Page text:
Inflammation and structural changes in the airways of patients with atopicand nonatopic asthma: BHR group
2000 (English)In: American Journal of Respiratory and Critical Care Medicine, ISSN 1073-449X, E-ISSN 1535-4970, Vol. 162, no 6, 2295-2301 p.Article in journal (Refereed) Published
The aim of the present study was to compare the cellular pattern and structural changes in the airway walls of atopic and nonatopic patients with asthma. Bronchial biopsy specimens were obtained from 13 atopic subjects with asthma, nine nonatopic patients with asthma, and seven healthy control subjects and investigated using immunohistochemical methods. The number of eosinophils increased in both asthma groups, but significantly more in the atopic group. The number of mast cells increased similarly in the two asthma groups, whereas the number of neutrophils increased only in the nonatopic asthma group. The number of T-lymphocytes (CD3-, CD4-, CD8-, CD-25-positive cells) was higher in patients with atopic asthma compared with nonatopic asthma. Interleukin-4 (IL-4) and IL-5-positive cells were more frequently found in the atopic asthma group, whereas cells staining for IL-8 were more frequent in the nonatopic group. The degree of epithelial damage was significantly higher in the atopic asthma group compared with the control subjects and the nonatopic asthmatics. The tenascin and laminin layer was significantly thicker in the atopic group compared with the group of nonatopic asthmatics. In the atopic group, there was a significant negative correlation between epithelial integrity (defined as the relative length of intact epithelium) and the eosinophil count and also between the number of CD25-positive cells and epithelial integrity. The number of mast cells correlated positively with the thickness of tenascin- and laminin-positive layers. In conclusion, we provide evidence of different patterns of involvement of inflammatory cells in atopic and nonatopic patients with asthma. There were also structural differences in the bronchial mucous membrane between atopic asthma and nonatopic asthma. This suggests that there are differences in the extent of the immunopathologic response of these clinically distinct forms of asthma.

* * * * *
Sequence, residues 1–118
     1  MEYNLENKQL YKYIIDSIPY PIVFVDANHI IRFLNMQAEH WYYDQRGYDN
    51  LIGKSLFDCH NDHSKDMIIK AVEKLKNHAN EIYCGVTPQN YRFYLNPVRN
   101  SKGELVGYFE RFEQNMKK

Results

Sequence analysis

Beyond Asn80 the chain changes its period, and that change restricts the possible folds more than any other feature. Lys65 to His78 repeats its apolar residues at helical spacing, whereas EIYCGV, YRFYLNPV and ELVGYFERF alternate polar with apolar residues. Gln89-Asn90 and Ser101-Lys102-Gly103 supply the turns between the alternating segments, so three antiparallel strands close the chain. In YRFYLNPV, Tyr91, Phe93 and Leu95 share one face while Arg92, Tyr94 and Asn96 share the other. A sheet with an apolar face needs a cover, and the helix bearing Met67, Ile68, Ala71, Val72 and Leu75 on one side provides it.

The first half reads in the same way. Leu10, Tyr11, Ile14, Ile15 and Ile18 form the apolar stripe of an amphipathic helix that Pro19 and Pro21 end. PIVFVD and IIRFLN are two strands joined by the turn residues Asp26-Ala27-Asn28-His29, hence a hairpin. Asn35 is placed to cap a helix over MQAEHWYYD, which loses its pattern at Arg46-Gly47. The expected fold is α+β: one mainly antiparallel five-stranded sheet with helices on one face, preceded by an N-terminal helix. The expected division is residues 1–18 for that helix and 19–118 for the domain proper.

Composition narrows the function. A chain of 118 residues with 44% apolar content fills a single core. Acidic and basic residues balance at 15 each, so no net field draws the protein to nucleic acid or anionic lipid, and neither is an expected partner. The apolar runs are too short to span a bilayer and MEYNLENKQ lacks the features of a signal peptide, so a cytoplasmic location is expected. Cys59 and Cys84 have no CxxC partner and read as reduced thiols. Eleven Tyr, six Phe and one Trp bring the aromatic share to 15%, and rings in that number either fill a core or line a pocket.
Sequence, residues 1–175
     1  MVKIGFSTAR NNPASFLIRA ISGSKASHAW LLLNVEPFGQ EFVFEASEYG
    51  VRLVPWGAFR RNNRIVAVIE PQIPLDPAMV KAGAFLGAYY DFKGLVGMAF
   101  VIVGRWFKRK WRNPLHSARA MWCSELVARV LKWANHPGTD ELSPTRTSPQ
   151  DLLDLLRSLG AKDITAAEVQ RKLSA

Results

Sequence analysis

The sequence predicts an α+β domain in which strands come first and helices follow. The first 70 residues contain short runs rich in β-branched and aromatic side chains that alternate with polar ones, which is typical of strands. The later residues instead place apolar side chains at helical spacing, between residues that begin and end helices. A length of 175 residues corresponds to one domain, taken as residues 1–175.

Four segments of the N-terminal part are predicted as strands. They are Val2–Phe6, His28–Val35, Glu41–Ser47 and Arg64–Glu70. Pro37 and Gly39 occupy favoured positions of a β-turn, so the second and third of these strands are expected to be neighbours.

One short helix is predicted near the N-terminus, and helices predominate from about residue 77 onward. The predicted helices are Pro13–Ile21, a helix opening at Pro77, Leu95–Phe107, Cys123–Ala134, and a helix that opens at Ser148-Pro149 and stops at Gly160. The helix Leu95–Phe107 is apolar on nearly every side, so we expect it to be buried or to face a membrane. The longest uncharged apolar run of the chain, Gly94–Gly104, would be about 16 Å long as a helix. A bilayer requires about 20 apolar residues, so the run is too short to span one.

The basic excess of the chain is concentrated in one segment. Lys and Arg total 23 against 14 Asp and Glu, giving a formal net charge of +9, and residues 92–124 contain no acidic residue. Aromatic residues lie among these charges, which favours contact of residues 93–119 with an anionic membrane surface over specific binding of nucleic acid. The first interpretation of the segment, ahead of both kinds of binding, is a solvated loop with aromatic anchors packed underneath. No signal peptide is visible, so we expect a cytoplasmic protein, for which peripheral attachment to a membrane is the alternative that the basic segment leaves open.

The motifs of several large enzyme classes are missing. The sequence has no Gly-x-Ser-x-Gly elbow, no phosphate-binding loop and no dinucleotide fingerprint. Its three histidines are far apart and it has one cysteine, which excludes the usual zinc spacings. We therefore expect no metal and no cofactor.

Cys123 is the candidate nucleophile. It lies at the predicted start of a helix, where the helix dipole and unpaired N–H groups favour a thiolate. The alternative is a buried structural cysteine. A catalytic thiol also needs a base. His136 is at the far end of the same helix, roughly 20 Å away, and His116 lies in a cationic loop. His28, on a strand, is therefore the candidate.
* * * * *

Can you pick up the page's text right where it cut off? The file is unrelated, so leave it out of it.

Place, publisher, year, edition, pages
2000. Vol. 162, no 6, 2295-2301 p.
Medical and Health Sciences
IdentifiersURN: urn:nbn:se:uu:diva-52890PubMedID: 11112154OAI: oai:DiVA.org:uu-52890DiVA: diva2:80800